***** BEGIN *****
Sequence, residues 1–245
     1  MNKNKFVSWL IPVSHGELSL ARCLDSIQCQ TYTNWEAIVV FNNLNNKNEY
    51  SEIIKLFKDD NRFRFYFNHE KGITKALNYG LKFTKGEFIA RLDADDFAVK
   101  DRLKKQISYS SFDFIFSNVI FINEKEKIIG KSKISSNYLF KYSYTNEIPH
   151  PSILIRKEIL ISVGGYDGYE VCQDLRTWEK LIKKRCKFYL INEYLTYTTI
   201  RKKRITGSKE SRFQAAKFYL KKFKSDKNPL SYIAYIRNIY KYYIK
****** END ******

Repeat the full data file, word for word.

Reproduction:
Sequence, residues 1–245
     1  MNKNKFVSWL IPVSHGELSL ARCLDSIQCQ TYTNWEAIVV FNNLNNKNEY
    51  SEIIKLFKDD NRFRFYFNHE KGITKALNYG LKFTKGEFIA RLDADDFAVK
   101  DRLKKQISYS SFDFIFSNVI FINEKEKIIG KSKISSNYLF KYSYTNEIPH
   151  PSILIRKEIL ISVGGYDGYE VCQDLRTWEK LIKKRCKFYL INEYLTYTTI
   201  RKKRITGSKE SRFQAAKFYL KKFKSDKNPL SYIAYIRNIY KYYIK